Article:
General Motors didn't exactly win the first trial involving its defective ignition switches, but it may as well have. At the judge's urging, the plaintiff agreed to withdraw his claim and not to refile it again.
The problem was that the story told by Robert Scheuer, 49, a Tulsa mailman, had about as many alleged flaws as the ignition switches that led to a massive recall of GM cars, possibly leaving Scheuer open to perjury charges had the trial continued.
"We said all along that each case would be decided on its own merits, and we had already started to show by strong, clear and convincing evidence to the jury that the ignition switch didn't have anything to do with Mr. Scheuer's accident or injuries," GM said in a statement to Automotive News. "The apparent lies the plaintiff and his wife told the jury ended the trial early, and we are pleased that the case is over without any payment whatsoever to Mr. Scheuer."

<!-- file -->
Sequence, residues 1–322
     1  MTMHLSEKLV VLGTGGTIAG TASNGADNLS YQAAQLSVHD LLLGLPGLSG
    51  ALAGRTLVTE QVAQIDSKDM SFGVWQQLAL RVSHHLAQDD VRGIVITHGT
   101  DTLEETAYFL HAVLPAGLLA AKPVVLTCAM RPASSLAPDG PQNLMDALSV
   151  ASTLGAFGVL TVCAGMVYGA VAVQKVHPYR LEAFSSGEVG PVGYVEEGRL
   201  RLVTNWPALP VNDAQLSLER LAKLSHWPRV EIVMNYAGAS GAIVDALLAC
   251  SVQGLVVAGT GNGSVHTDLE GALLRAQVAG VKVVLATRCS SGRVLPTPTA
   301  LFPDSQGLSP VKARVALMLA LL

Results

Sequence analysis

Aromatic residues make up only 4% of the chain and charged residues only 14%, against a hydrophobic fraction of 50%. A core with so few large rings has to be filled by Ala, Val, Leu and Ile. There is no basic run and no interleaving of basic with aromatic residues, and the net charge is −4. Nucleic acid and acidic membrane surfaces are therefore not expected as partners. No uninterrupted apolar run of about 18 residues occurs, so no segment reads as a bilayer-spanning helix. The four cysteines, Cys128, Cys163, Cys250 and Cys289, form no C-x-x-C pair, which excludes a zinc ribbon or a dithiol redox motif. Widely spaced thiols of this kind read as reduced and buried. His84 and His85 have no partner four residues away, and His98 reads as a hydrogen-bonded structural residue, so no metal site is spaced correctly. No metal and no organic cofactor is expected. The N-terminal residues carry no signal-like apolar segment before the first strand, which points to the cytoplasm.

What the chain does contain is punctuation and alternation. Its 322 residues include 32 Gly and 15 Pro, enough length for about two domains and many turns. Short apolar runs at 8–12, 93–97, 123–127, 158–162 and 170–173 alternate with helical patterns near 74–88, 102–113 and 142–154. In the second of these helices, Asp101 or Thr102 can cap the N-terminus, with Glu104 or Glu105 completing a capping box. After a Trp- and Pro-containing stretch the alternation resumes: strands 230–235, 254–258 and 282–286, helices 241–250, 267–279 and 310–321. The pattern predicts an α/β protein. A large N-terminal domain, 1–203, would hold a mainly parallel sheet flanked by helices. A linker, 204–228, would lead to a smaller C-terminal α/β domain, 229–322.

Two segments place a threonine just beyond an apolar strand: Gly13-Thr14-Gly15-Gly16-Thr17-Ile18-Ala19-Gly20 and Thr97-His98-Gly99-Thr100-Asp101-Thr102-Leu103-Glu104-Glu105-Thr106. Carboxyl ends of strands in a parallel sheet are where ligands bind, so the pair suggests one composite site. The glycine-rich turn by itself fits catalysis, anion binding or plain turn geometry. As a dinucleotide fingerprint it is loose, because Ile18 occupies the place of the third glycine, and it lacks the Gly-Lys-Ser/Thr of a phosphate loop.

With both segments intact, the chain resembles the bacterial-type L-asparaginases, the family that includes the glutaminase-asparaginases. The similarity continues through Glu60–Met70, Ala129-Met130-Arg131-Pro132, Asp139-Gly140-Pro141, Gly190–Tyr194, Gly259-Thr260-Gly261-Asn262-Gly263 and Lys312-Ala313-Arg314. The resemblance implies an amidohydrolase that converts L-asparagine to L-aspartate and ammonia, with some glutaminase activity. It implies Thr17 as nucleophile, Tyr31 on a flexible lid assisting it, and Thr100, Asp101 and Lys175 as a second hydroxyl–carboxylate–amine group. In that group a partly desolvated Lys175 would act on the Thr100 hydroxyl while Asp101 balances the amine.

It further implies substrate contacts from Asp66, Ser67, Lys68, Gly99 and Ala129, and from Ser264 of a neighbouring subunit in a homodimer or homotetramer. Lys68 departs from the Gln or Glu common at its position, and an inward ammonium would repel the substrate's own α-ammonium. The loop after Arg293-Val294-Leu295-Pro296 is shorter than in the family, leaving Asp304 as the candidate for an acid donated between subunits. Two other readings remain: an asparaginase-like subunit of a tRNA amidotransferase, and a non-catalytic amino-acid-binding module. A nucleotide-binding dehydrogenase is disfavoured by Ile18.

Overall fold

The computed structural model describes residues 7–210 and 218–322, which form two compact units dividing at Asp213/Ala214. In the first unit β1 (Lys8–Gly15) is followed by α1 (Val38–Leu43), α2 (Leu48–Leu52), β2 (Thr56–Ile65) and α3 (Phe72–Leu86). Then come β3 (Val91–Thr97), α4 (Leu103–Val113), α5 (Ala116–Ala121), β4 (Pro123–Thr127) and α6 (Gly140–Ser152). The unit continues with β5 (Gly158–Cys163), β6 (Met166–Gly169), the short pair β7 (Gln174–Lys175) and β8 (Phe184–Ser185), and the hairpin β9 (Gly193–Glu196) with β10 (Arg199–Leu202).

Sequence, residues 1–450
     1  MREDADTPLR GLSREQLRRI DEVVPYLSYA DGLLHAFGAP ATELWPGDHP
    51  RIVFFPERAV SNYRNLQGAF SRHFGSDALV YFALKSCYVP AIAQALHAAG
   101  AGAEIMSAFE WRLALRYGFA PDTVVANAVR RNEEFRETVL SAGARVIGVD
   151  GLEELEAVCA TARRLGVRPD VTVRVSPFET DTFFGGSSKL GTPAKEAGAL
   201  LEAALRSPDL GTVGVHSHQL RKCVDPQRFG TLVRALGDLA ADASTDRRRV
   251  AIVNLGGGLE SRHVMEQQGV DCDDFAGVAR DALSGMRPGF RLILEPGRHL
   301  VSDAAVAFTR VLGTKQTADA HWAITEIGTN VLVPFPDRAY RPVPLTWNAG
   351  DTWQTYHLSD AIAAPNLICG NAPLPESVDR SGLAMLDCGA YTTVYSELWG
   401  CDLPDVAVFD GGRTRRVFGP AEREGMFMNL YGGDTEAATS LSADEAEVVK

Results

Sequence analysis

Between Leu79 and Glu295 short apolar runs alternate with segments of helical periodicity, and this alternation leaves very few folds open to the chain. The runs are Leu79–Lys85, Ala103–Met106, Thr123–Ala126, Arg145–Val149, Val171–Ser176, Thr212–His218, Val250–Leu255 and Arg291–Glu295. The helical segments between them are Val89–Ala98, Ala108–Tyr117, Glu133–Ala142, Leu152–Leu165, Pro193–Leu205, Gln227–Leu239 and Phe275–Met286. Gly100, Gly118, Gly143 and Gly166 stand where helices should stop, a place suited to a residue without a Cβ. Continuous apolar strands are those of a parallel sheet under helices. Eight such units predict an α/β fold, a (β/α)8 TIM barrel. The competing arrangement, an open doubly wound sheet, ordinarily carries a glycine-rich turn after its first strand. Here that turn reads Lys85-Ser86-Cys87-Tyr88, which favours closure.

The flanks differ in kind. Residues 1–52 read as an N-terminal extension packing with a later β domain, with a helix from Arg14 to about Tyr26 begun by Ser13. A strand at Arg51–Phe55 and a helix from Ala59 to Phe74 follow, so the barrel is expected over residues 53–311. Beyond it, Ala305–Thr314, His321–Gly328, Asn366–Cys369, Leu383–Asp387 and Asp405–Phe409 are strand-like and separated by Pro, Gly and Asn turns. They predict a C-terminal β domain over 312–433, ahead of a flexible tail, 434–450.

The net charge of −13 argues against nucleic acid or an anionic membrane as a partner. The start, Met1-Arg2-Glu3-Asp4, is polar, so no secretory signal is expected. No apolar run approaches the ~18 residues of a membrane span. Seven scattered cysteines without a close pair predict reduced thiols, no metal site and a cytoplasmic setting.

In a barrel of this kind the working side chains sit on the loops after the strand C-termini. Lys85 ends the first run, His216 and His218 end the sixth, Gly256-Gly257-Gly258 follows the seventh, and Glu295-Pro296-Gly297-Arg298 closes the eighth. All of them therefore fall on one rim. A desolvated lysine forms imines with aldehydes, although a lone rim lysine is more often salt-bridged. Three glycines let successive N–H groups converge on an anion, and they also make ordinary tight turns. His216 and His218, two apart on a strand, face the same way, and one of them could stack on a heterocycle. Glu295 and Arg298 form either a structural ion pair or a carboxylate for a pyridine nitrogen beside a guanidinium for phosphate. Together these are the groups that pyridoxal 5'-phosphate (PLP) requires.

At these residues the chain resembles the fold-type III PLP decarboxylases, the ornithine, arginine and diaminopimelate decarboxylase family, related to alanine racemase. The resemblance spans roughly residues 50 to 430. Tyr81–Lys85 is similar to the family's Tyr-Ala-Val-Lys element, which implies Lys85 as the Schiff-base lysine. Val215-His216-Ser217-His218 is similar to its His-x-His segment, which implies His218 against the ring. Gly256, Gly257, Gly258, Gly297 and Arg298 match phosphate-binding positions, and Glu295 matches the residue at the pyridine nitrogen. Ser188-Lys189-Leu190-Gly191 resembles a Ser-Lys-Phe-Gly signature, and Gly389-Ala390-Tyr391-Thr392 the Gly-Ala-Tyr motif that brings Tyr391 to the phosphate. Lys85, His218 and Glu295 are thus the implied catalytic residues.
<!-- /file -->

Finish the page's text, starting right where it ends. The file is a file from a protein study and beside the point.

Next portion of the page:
Scheuer claimed that he and his family lost their home to foreclosure because of injuries suffered when his 2003 Saturn Ion hit a tree after the ignition shut off unexpectedly, causing the airbags to fail.
But emerging evidence indicated that the family was evicted from their home for reasons unrelated to the accident, The New York Times reported.
Not a bellwether
Upon learning this, U.S. District Court Judge Jesse Furman strongly suggested that the case be withdrawn "with prejudice" -- meaning that it cannot be refiled and that Scheuer not be paid any settlement money.
The case had been intended to be a "bellwether" -- a model that would provide guidance for handling the many other cases still to make their way through the courts.
Frequently, bellwethers are used to enable lawyers to settle cases without going through the time and expense of a trial. If, for example, Scheuer had shown convincing evidence that his accident, his injuries, and his ensuing difficulties had been caused by GM, it would have made it easier for other plaintiffs to settle their claims.
GM lawyers had noted earlier in the trial that Scheuer had a lengthy history of surgeries and pain medication prescriptions for back pain and claimed that calls from Scheuer's cellphone contradicted his claims that he was unconscious for three hours after the accident.
The next bellwether case involves two plaintiffs who are suing GM for injuries suffered in a 2014 accident in New Orleans.